Nepali Times
Festival of death and satire


The monsoon is all but spent. The clouds no longer squat dark and unmoving on the Kathmandu valley, raining with a determined intensity. Now they hang softly about, are often swept from a dazzling sky, or sometimes gather suddenly to pour at random. Thousands of gossamer dragonflies sail on golden wings in the sunlight. The bamboo orchids bloom mauve and purple. There is a feel of autumn-the Nepalese will say winter-in the early morning air. And autumn means festivals. They line up out there in the near future like eagerly expected visitors, so near one can almost hear their chatter and see the gleam of their fine clothes.

One has just arrived, and gone, though its celebration has been prolonged in places where it seems the people are reluctant to let it go. These symptoms of reluctance are hardly peculiar to Nepal: I remember how every year in Calcutta an excuse was found to delay the departure of the goddess Durga so that one came upon pandals still occupied like late lamps attracting ever-eager moths, or saw small, enthusiastic immersions long after the splendidly riotous night of Bijaya Dashami. Here it is the festival of Gai Jatra, the procession of sacred cows, that honours the recently dead which may appear a strange reason for celebration, but then again, what a charming way to be remembered. There is lamentation and consoling prayer, mostly among the elderly and old, and the seriousness of ritual, but the mood of Gai Jatra is predominantly festive, as if in frolic the finality of death itself is being mocked, while living is celebrated. For who doesn\'t know that Yama Raj, the God of Death, sits in judgement on all souls, deciding which are to be admitted to the gates of patal, the underworld, and which are to find rebirth? The gates of patal are open only once a year and it often requires the assistance of a holy cow to push them open with its horns, just as departed souls require the guidance of a cow to show them the way. For, the journey through :he underworld is fraught with the most terrifying of obstacles; rivers of fire, great valleys of ice, endless seas, deserts, enchanted forests infested with demons and spirits, blinding lights and temptations that can turn souls from salvation. The holy cow, by allowing souls to clasp its tail, guides them unerringly to the palace of Yama Raj.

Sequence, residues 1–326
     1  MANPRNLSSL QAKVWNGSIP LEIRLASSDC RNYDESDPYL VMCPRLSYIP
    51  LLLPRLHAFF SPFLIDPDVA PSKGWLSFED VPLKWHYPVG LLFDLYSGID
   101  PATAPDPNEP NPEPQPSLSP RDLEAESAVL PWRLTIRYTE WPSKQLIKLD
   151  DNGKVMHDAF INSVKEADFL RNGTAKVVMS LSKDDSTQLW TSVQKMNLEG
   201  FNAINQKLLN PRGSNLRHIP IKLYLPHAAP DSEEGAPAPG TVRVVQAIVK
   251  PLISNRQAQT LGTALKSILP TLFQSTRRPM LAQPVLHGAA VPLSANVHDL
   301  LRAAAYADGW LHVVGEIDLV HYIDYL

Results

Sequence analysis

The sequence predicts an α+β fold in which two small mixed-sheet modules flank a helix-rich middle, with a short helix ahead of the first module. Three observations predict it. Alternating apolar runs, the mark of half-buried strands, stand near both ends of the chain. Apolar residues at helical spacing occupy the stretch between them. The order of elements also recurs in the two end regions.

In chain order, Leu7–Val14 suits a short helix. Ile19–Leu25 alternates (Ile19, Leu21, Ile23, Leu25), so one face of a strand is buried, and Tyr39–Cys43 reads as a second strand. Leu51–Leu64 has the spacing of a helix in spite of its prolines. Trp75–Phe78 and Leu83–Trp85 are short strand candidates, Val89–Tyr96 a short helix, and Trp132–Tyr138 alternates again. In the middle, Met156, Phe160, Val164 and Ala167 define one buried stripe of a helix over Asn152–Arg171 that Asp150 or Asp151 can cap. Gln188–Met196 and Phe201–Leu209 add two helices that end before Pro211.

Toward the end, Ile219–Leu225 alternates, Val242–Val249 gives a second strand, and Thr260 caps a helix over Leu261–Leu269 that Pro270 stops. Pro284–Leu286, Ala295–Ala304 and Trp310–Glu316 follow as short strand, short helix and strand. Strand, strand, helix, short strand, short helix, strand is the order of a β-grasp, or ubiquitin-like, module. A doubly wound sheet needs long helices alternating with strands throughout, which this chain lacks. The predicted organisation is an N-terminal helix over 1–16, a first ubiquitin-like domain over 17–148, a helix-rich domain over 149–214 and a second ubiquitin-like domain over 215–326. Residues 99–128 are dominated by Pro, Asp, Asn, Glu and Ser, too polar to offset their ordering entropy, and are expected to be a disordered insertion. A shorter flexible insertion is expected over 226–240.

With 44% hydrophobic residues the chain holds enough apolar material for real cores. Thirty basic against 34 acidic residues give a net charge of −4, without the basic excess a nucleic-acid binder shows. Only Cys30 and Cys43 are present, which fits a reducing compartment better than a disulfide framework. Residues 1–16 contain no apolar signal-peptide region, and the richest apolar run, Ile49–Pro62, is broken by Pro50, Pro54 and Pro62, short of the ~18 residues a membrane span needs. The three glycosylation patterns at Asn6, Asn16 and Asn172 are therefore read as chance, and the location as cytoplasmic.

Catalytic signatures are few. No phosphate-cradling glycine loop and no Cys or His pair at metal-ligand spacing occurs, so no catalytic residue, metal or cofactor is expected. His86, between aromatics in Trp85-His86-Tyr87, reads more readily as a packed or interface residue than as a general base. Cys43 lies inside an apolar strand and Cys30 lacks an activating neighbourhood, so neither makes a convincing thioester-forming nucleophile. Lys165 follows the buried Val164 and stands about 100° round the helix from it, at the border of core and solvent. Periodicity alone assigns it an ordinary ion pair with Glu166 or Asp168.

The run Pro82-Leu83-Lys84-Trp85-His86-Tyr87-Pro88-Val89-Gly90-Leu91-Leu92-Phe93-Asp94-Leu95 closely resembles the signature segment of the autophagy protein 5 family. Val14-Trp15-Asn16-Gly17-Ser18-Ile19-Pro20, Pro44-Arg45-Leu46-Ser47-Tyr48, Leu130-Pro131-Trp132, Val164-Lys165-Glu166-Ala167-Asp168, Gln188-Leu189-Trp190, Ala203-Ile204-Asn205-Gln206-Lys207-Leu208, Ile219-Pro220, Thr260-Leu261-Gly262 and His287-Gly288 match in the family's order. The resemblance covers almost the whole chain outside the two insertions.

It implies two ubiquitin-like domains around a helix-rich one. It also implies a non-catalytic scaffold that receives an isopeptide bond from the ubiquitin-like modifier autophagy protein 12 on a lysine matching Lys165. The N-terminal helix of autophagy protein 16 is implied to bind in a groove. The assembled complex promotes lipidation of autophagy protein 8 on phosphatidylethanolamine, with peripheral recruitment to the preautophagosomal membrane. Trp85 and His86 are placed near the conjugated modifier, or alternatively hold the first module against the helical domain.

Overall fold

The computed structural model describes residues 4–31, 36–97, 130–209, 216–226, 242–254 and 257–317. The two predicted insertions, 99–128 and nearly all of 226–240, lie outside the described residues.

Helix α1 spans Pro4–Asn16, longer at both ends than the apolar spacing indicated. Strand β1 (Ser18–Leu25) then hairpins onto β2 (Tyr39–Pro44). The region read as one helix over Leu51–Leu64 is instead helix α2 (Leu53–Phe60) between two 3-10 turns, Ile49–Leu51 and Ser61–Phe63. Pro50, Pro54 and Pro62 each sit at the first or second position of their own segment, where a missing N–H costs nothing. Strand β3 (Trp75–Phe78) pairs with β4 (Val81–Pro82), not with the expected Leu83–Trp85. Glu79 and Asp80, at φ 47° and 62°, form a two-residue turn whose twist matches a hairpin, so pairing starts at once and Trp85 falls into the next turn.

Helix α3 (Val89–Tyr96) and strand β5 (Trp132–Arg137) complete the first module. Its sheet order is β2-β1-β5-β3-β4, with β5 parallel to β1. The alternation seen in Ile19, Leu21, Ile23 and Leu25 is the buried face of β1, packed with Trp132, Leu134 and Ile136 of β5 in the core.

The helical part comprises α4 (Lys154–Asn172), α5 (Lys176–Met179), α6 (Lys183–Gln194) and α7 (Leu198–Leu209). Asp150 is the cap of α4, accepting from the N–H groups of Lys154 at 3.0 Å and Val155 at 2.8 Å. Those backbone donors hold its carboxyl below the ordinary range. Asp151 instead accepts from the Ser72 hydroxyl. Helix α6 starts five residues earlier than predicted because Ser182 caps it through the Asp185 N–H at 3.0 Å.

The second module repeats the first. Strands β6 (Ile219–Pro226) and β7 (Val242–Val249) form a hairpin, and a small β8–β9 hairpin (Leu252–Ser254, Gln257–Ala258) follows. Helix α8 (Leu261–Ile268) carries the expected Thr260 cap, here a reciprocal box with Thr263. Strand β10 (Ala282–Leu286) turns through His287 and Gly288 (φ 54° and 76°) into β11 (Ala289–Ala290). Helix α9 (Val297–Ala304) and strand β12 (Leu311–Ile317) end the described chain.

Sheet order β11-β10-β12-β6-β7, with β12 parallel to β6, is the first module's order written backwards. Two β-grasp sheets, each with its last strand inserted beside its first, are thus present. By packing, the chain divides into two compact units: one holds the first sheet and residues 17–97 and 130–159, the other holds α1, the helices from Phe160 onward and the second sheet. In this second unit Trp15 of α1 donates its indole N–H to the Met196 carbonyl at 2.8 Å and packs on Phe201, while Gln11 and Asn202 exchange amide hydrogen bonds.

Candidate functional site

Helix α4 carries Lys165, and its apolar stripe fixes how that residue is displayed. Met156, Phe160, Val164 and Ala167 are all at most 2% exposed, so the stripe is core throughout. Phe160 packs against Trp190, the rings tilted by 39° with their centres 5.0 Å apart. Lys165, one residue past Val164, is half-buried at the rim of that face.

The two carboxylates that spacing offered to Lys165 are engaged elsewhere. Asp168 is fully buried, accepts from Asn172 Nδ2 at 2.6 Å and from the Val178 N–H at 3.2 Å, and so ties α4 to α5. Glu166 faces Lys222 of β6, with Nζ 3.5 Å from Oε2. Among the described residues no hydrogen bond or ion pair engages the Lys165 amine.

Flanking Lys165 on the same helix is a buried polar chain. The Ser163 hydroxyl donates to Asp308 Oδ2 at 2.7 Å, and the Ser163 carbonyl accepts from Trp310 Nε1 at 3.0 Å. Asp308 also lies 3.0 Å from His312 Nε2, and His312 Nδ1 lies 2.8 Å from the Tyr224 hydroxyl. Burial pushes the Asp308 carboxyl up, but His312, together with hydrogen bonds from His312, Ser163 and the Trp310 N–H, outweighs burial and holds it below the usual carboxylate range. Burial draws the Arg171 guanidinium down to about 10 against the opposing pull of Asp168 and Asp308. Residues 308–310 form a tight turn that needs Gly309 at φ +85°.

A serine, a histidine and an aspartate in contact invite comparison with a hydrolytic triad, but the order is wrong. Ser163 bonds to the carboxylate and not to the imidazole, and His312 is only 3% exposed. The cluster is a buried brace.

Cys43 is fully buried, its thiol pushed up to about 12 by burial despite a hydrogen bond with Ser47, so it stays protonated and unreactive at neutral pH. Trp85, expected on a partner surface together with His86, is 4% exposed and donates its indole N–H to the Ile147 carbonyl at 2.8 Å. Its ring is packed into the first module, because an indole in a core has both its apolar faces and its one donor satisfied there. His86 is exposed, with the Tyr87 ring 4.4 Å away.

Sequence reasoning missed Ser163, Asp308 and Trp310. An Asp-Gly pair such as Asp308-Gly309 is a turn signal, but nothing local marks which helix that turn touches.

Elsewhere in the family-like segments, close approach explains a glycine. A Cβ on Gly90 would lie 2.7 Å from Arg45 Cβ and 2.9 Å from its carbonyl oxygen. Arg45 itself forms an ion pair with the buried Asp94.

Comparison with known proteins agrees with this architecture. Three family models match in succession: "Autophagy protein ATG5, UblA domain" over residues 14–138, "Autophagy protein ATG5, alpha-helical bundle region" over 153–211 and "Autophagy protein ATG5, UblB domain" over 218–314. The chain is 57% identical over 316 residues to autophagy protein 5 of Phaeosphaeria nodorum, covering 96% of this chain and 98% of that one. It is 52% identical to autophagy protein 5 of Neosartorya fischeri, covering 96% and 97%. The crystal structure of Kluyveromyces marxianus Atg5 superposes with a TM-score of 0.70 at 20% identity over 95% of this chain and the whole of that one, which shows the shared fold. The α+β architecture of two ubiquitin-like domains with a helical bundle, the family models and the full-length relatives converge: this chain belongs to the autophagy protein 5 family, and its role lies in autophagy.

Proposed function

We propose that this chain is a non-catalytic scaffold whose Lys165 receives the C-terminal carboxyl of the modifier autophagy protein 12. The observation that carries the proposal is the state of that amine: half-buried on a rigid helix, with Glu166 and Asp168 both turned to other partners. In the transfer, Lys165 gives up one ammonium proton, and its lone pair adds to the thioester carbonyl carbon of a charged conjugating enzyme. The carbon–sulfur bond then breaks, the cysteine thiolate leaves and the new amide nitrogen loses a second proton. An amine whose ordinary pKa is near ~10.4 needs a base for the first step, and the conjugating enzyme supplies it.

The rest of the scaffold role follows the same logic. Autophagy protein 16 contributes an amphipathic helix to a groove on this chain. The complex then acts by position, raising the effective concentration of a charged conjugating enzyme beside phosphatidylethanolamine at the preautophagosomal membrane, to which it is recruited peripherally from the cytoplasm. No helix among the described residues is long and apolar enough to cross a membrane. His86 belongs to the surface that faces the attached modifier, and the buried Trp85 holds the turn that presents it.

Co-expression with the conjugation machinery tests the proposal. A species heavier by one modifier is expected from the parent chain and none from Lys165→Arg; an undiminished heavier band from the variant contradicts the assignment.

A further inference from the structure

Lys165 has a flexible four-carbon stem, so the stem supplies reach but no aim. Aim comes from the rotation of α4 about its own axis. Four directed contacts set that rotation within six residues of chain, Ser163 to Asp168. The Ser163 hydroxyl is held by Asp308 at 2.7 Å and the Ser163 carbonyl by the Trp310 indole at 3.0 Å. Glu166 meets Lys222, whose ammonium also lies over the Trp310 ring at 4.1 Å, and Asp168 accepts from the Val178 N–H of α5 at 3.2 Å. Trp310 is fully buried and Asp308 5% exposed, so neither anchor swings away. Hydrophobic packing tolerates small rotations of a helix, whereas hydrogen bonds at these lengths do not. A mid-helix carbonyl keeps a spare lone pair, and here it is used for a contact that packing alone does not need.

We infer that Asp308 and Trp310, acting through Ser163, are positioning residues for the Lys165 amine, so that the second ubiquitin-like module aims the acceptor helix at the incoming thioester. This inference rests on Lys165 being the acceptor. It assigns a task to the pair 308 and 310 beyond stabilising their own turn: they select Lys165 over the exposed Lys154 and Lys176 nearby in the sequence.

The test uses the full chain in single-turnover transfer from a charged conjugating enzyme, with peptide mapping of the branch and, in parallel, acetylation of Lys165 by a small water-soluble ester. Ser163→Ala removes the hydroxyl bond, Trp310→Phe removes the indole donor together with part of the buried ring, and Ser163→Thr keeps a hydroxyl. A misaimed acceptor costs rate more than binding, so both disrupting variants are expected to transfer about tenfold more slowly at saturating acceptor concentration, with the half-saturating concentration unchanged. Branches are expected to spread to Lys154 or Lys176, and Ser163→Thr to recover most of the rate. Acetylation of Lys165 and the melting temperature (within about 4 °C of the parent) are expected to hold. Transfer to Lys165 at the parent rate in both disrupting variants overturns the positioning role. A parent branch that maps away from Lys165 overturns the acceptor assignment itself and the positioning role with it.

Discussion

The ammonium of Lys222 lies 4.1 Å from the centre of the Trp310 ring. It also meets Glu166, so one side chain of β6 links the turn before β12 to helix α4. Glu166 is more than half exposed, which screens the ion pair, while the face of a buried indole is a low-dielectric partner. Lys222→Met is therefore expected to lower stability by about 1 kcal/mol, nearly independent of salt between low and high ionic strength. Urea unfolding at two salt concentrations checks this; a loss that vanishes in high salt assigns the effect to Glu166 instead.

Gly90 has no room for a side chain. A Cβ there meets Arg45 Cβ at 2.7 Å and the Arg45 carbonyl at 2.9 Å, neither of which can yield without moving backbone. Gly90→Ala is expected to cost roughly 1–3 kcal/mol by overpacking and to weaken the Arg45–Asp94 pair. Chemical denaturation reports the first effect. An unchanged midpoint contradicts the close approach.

So families bereaved during the past year send their children fancifully dressed as cows and sadhus, together with the family priest, musicians and often a real cow, in procession through the streets of Kathmandu. Depending on wealth and status, some of these family processions are large and splendidly attired. Others are as small as a couple of small, bemused children can be. All must follow a route dictated by tradition and all must pass below the windows of audience in the old royal palace; windows at which the Malla kings and their queens sat to watch the revelry. It is believed that the processions provided palace observers with a convenient census of deaths, but I know of no similar festival the indicates the number of births in the city.